Exxon Mobil

stock. They added, "No, seriously, did I say that out loud?"

Dinosaur Buys Tar Pit

In corporate news this week,

Vonage's

stock fell 15% in the first day of its IPO.

Shocking.

An Internet company whose founder had been banned from Wall Street for abusive trading tactics and that's losing money on an already available product that's easily copied. ... Seems like a wise investment, if you're objective is to horde red flags.

On the flip side,

Mastercard

raised $2.4 billion in an IPO this week. Wait, $2.2 billion of that was just from arbitrarily raising interest rates and charging unjustified late fees.

New

Nike

shoes will work with your

Apple

iPod, doubling your chance of a subway mugging. Nike and iPod, now covering you, literally, head to toe. Just drink Starbucks and your whole body can be controlled from a bunker somewhere between Seattle and Portland.

Sweet! No more decision making!

Not to be outdone,

Microsoft's

Windows Vista will include socks that tell your pacemaker how you smell.

Dell

will open mall stores this year, in an attempt to reach those customers who identify with their former spokesman.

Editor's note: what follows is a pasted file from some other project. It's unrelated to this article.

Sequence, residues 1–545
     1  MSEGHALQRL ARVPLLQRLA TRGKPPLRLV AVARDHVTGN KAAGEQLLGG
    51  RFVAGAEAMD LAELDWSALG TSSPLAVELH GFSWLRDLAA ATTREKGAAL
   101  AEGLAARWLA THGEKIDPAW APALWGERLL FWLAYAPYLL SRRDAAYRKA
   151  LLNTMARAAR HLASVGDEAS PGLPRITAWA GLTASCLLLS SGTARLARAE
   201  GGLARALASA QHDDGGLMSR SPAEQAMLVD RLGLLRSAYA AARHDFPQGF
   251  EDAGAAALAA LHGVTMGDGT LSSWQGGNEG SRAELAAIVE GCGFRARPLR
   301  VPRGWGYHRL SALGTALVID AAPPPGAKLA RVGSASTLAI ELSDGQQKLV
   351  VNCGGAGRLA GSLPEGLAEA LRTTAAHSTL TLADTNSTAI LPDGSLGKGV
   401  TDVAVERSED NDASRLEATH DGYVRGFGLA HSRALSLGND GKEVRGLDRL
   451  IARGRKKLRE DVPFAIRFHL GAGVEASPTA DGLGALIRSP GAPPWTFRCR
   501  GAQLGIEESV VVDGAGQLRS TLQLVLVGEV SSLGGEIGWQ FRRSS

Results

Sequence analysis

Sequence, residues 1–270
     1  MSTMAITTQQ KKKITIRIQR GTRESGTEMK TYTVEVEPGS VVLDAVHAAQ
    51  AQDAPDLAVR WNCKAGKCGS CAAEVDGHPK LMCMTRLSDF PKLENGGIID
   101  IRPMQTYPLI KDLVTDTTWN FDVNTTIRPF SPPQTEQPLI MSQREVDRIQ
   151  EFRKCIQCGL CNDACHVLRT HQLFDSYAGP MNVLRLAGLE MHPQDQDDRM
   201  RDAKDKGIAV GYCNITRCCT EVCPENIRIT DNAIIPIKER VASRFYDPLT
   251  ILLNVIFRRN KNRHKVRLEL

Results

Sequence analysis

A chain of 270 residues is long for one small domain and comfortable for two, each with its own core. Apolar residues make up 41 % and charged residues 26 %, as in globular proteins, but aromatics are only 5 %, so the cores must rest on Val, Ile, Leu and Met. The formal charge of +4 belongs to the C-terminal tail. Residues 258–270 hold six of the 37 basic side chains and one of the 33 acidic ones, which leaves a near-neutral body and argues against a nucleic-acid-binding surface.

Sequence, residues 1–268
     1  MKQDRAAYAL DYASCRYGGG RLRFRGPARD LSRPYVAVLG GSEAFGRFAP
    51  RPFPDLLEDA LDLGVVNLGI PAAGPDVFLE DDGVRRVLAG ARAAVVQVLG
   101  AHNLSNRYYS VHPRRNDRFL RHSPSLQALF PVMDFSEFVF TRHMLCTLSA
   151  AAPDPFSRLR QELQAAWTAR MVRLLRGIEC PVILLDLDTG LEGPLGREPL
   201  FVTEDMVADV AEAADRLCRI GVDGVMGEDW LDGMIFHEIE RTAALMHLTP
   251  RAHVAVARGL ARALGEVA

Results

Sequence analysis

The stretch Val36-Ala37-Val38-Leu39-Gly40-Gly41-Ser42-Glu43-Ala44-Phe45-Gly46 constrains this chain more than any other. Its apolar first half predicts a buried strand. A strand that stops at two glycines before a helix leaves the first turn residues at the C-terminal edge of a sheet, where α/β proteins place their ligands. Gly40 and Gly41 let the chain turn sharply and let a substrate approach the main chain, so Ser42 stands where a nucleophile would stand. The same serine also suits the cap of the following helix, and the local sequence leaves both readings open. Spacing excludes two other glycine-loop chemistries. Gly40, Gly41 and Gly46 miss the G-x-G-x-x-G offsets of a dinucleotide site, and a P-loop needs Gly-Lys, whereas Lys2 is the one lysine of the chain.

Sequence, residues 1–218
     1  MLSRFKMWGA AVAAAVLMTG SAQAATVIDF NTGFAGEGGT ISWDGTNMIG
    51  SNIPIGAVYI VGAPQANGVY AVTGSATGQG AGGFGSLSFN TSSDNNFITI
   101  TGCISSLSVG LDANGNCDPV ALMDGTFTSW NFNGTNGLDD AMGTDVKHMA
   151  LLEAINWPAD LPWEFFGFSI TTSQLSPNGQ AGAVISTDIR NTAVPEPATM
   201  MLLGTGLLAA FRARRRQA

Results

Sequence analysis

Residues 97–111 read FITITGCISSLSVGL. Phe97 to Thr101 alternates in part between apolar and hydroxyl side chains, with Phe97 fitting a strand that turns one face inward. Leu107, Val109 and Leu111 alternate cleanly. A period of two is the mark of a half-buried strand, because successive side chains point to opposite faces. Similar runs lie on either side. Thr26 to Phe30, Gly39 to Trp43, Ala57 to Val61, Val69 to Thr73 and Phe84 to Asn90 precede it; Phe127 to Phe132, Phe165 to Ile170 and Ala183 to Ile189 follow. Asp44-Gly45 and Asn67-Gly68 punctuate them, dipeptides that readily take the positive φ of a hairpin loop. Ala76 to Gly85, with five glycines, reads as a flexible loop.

Should'a gone to the Orange Julius, dude.

Nelsen Peltz unsuccessfully tried to shake up

Heinz

because you don't shake a ketchup company, you pound it from the bottom. He claimed the company could save millions for the soon-to-fail 2008 Kerry Presidential campaign if it would just stop selling purple mustard.

ABC News

named Charles Gibson anchor, and exactly seven people under the age of 60 cared.

The Philadelphia Inquirer

was bought by a group of investors including the founder of

Toll Brothers

and, in a totally unrelated coincidence, the

Inquirer

will run a seven-part front-page series, "Giving Money to Toll Brothers Keeps Your Family Safe."

In somewhat related news,

Tribune Company

purchased a real estate website, ForSaleByOwner.com. How cute. It's like a dinosaur buying a tar pit.

Wal-Mart

has agreed to sell its South Korean stores, not because they couldn't adapt to consumers there (which is what

They

want you to believe) but because -- I got this from another reliable guy I met in Central Park -- South Korea refused to battle the equal inside-outside Dwayne Wade - Shaq-like threat of Wal-Mart and North Korea.

GM

asked a bankruptcy judge for an extension for its negotiations with Delphi. Executives at the two companies hope additional time will allow them to travel to an island without an extradition treaty.